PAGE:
If you’re a fan of horror fiction and haven’t heard of Joe Hill, get yourself to the nearest bookstore now. For starters, check out his short story Wolverton Station. What you’ll get from Hill—and this story—is solid (if not a little workman-like) heart-thudding chills.
The plot: Saunders is a corporate hatchet man traveling the rails in England. He’s off to scout out new sites for a Starbucks-like chain called Jimi Coffee. He’s greeted not only by protests, but wolves as well. Soon enough he finds himself trapped among the wolves.
I read this story cold. All I knew was that it was horror, and I enjoyed Hill’s book Heart-Shaped Box, so I gave this one a try.
First, the good:
–Hill manages to create a complex, if not entirely likable, character in Saunders in a brief amount of time. I could not say that I liked him, but definitely felt for him.
–There’s some deft sleight of hand that Hill manages to pull off. At first it seems as if the story is classic horror, then it veers away from that, only to return with a vengeance. One of the hallmarks of good horror is to keep the reader always off-balance. I could never find my footing in this story, so well done.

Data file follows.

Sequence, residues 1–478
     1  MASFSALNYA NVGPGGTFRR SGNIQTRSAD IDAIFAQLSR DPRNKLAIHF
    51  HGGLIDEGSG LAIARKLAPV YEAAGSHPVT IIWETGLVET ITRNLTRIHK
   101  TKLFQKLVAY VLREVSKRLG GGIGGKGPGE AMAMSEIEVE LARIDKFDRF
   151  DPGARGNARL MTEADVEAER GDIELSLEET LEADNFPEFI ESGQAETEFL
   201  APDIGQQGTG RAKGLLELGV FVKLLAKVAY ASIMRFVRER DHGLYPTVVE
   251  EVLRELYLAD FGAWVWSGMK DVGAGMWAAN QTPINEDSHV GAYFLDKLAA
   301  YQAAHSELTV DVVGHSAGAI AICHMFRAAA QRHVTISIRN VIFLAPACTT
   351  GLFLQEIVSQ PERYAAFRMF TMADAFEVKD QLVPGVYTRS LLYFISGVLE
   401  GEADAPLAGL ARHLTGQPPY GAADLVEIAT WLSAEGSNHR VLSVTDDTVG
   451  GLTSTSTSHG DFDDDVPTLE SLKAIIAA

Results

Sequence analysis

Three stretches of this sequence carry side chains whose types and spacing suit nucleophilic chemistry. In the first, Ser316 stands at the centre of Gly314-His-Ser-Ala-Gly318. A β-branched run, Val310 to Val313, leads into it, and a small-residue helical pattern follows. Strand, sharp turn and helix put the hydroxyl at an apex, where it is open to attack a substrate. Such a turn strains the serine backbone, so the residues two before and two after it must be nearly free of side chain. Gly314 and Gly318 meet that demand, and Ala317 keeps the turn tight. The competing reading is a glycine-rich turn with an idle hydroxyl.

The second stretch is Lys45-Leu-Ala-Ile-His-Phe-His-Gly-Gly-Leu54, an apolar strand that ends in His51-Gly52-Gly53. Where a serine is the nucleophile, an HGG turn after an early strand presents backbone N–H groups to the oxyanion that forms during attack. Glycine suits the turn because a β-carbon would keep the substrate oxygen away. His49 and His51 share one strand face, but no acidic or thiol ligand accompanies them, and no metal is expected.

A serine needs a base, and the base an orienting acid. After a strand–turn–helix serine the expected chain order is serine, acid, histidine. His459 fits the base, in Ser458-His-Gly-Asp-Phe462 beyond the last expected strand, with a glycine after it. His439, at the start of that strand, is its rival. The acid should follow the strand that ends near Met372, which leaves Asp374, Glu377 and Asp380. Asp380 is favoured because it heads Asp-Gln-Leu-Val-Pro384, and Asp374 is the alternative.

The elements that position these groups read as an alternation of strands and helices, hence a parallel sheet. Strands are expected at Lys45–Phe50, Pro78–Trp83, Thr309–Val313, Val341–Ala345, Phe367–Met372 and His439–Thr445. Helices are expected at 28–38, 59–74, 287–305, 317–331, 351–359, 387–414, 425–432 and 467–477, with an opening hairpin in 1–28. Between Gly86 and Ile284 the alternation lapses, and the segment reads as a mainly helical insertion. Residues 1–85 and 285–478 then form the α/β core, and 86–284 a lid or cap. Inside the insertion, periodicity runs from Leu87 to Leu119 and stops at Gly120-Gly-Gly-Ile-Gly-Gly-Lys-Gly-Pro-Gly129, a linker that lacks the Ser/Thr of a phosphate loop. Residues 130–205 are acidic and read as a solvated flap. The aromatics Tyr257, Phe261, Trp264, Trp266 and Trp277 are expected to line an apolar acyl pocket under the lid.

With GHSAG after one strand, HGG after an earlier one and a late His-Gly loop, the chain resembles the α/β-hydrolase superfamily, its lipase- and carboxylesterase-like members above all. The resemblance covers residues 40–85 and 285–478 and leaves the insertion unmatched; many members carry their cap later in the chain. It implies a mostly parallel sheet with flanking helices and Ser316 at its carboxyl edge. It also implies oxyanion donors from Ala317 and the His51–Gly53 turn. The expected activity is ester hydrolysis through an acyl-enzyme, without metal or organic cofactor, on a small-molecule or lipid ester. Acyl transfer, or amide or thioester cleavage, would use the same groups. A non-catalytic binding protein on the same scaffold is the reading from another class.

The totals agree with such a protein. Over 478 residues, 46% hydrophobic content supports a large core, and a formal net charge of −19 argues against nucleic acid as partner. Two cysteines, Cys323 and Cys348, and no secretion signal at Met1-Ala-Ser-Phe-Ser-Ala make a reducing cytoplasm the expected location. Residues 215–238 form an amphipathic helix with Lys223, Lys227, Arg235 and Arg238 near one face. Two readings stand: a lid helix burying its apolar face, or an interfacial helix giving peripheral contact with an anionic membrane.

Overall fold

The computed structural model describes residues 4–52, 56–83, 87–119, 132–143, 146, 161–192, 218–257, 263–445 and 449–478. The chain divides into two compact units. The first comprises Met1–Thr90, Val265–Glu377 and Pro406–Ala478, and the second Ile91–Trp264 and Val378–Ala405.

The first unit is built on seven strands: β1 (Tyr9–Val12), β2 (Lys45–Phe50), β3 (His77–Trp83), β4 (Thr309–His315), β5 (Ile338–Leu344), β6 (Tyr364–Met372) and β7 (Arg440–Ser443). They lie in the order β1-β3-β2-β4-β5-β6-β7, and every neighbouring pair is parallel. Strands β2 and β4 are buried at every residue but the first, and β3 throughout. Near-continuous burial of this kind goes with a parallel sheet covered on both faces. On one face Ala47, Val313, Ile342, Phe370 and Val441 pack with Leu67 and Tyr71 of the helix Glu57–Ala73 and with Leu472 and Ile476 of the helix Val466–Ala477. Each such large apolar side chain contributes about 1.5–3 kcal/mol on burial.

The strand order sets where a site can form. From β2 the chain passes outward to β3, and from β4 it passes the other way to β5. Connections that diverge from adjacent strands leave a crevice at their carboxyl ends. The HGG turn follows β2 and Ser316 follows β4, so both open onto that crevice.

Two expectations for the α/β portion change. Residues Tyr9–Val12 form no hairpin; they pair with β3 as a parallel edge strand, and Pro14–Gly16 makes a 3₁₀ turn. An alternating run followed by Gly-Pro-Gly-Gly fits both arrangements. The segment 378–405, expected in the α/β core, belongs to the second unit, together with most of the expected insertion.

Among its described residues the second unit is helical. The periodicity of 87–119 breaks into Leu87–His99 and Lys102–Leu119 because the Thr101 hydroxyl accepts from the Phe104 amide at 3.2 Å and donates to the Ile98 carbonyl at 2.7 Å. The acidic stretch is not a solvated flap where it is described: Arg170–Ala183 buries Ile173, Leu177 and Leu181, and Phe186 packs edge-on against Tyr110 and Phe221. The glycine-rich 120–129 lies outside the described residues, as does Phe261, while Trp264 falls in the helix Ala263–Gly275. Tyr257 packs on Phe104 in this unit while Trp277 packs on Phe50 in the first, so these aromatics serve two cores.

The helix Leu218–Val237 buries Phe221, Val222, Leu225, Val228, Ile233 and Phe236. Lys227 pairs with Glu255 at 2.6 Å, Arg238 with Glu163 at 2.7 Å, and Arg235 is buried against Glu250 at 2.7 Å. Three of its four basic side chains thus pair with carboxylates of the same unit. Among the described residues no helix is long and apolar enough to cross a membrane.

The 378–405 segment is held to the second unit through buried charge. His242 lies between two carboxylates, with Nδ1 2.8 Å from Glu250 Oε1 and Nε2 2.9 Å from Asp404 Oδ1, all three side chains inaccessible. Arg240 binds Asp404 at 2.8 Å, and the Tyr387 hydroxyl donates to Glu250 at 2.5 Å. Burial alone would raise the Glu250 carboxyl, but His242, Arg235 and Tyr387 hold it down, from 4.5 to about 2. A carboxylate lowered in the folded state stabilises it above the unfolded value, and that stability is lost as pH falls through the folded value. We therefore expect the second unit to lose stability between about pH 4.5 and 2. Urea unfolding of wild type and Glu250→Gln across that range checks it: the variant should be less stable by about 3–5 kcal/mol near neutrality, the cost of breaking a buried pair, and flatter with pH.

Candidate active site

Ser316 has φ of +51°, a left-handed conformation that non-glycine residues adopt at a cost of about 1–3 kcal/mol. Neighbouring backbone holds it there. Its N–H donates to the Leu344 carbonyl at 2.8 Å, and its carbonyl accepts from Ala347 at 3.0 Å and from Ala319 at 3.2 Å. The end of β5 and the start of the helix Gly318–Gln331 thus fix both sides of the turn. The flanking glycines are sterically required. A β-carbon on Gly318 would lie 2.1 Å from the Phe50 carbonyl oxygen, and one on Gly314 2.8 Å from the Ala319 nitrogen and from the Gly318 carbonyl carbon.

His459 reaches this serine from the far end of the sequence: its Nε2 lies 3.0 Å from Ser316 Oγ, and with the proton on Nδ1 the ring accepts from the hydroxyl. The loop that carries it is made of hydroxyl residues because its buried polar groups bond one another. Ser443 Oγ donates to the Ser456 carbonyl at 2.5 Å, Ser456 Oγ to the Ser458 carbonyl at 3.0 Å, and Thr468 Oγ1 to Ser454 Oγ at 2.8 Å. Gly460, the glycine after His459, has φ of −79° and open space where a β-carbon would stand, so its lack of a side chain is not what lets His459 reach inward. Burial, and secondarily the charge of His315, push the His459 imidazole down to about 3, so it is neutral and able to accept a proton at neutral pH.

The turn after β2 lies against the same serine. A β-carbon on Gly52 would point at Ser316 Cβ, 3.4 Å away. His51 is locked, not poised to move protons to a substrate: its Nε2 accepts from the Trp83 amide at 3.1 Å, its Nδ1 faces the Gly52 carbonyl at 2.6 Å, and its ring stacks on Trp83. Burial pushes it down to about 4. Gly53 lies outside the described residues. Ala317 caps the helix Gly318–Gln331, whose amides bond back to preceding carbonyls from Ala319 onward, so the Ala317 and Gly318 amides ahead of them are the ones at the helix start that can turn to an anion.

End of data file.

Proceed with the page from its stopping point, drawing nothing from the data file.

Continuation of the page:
–As the story rolls along, the tension reaches 10 out of 10. One of the most intense scenes took place on a train with no exits.
And the not as good:
–My main criticism is that Hill’s writing is, as mentioned earlier, workman-like. There’s nothing particularly new or innovative in his work. He is not forging new pathways in horror fiction, but he’s staying on the well-worn trails. But this is just a minor criticism.
So for some good horror thrills, check out Wolverton Station, and the rest of Joe Hill’s works.